In years past it was not uncommon for Americans to have to allege fault in order to secure divorces. For example, different jurisdictions would offer individuals a list of grounds on which to base their divorces, ranging from incarceration and intoxication to adultery, cruelty and abuse. Because pleading and proving fault in court opened litigants up to intense scrutiny, many jurisdictions added "no fault" bases on which people could ask the courts to end their marriages. In Michigan, individuals who wish to divorce have only one basis on which to proceed, and that is the no fault option.
In order to secure a divorce in Michigan, a person must allege that their marriage has broken down, that the objects of their matrimony have been destroyed and that there is no reasonable chance that the marriage can be salvaged. The relevant statute offers specific language that people seeking divorces should include in their pleadings, and attorneys who offer family law and divorce services can assist them with drafting their court documents.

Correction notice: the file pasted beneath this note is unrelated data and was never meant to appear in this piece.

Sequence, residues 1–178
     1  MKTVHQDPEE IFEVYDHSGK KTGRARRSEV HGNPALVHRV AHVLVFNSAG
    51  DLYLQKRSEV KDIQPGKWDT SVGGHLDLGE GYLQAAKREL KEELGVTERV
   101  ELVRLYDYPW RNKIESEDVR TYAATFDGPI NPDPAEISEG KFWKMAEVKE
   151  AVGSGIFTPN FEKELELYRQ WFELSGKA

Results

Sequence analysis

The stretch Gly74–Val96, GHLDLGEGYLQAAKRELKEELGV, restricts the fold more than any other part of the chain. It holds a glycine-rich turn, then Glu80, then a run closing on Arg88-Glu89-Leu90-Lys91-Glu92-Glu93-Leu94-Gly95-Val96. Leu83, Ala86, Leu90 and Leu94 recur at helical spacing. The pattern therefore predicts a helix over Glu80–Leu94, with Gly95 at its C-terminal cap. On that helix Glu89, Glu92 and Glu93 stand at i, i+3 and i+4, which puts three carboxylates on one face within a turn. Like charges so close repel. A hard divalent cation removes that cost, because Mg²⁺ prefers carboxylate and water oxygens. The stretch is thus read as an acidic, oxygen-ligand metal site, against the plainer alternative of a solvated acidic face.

Michigan's no fault divorce option allows individuals to pursue divorce without having to put their family problems on display in court. There are other requirements that individuals must meet before they may be eligible to secure divorces in Michigan courts, and these requirements relate to the duration of the parties' residency within the state. Our readers who plan to file for divorce are encouraged to learn more about the procedural aspects of the divorce process before initiating it on their own.
Divorces can be difficult and filled with conflict. No fault divorces do not eliminate the tensions that exist when marriages come to their ends, but with the support of trusted family law attorneys Michigan residents are able to move their lives forward and complete their divorces using the state's no fault basis.